Spain’s 20th century was convulsed. The Penguin History of Modern Spain, which goes from 1898 to the pandemic of 2020-2022, indeed describes an epoch that was troubled, but really not unlike that of other European countries. In what will be a reference book in the English-speaking world, Nigel Townson uses the work of recent Spanish historians to build a balanced narrative that calls the country’s supposed exceptionality into question. Today’s Spain is presented as “a stable, prosperous democracy, having become ‘just another European democracy’, though retaining – like all other European democracies – its own peculiarities,” and the historical narrative stresses this trait relating each period to the broader European framework. The book journeys from the ‘Disaster’ and the ‘Regeneration,’ Primo de Rivera’s dictatorship, and the Second Republic to the tragedy of the Civil War, the long decades of Franco’s rule, the Transition, and democracy, at every point providing an international context that makes the Spanish experience less unique.
With barely a reference to the British historians before him, such as Raymond Carr, Gerald Brenan, or Hugh Thomas, all of whom he believes were fascinated by the romantic myth of the Civil War as the last ‘great cause,’ besides overly focused on the political sphere, Townson uses studies published in Spain over the past four decades, with their stronger emphasis on economics, society, and culture, and which together contradict the picture of ‘failure, stagnation and backwardness’ so often used to discuss Spain’s recent history. Penguin’s new release is essentially political, but tries to explain social and economic transformations, with schematic sketches of the cultural context, in spite of the author, a history professor at Universidad Complutense, being also the editor of the work of Arturo Barea. This writer and the likes of Buñuel, Lorca, Alberti, Picasso, and Dalí appear episodically, as do Ortega y Gasset and Unamuno, but the story is short of development that would lend literary or artistic depth to a panorama that focuses on mass culture.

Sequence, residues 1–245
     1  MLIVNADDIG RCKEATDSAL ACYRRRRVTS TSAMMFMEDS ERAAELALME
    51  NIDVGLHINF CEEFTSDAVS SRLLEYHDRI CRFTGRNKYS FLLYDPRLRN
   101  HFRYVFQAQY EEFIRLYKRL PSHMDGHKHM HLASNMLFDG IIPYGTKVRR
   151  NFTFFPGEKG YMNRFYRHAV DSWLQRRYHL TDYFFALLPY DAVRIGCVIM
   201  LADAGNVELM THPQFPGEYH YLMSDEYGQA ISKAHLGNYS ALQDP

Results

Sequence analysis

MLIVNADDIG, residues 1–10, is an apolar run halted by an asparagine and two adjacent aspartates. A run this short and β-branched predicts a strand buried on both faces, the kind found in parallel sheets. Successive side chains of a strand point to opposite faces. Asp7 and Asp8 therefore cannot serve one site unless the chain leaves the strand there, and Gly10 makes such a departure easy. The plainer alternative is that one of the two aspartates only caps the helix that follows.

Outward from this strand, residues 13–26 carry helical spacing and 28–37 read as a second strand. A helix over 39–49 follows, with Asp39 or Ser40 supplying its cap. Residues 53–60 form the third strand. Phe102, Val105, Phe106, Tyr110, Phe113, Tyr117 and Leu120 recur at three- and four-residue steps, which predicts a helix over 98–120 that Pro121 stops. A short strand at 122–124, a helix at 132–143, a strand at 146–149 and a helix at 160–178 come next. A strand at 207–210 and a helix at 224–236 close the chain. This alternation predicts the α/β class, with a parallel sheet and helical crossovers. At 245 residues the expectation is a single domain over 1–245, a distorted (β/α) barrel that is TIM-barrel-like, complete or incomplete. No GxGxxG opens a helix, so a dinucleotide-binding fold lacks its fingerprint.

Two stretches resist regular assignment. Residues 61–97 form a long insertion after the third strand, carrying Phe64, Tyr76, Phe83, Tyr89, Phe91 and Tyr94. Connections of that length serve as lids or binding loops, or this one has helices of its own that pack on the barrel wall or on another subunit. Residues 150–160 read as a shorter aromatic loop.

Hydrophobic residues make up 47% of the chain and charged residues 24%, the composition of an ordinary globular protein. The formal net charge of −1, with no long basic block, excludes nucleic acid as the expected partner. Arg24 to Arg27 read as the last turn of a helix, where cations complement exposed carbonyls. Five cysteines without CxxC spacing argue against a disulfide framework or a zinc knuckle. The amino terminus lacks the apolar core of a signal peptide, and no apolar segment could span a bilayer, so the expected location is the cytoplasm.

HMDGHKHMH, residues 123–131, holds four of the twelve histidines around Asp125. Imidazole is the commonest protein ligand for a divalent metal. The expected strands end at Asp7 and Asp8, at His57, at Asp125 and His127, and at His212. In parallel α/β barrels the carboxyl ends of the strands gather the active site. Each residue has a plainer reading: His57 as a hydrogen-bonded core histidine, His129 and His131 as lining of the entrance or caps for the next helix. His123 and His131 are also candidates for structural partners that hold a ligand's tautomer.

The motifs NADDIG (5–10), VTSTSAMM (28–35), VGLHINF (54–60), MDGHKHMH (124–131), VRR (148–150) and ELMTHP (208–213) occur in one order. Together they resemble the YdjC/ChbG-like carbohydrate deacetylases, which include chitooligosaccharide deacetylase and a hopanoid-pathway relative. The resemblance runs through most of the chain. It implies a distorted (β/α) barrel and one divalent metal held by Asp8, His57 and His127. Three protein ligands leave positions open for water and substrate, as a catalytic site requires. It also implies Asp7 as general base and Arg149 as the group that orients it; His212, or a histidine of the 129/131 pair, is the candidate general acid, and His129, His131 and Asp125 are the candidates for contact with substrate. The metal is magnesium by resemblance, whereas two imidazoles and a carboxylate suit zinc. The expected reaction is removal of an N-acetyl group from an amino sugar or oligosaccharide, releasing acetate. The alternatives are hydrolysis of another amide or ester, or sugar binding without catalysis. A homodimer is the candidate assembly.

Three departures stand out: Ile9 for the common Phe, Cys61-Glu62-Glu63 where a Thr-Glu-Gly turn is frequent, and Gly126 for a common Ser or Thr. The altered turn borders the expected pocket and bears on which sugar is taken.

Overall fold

In our own field of architecture, the modernisme of Domènech and Gaudí is mentioned as a reflection of Barcelona’s prosperity during the passage from one century to another, while the Gran Vía and Art Déco buildings like the Círculo de Bellas Artes are testimonies of Madrid’s transformation, and the 1929 exhibitions in Barcelona and Seville, revolving around the cities’ respective Plazas de España, displayed the nationalist spirit of Primo’s dictatorship. Architects are rarely mentioned, and though the pavilion of 1937 figures as the setting of Guernica, Sert is as excluded as Palacios or Zuazo, and the same goes for Bohigas, Bofill, Moneo, or Calatrava, even though the Olympic Games and Expo 92 are described as emblems of the annus mirabilis of Spanish democracy, or buildings like the Reina Sofía, the Museum of Roman Art in Mérida, the National Auditorium in Madrid, the Guggenheim of Bilbao, and the restored Teatro Real and Liceu are presented as examples of an expanded welfare state. An exception to this absence of proper names is Javier Carvajal, whose Spanish Pavilion at the 1964 New York World’s Fair is presented as the most notable contribution to improving the regime’s image: costing more than the movie that won the Oscar that year, Mary Poppins, the pavilion “was treated to near-universal adulation by the US media,” and lauded by Life as ‘The Jewel of the Fair.’
The view of others is often essential to knowing ourselves better, and this book, albeit written for an English audience, should also be read by Spaniards, who will find their country painted as convulsed, but in no way exceptional or different.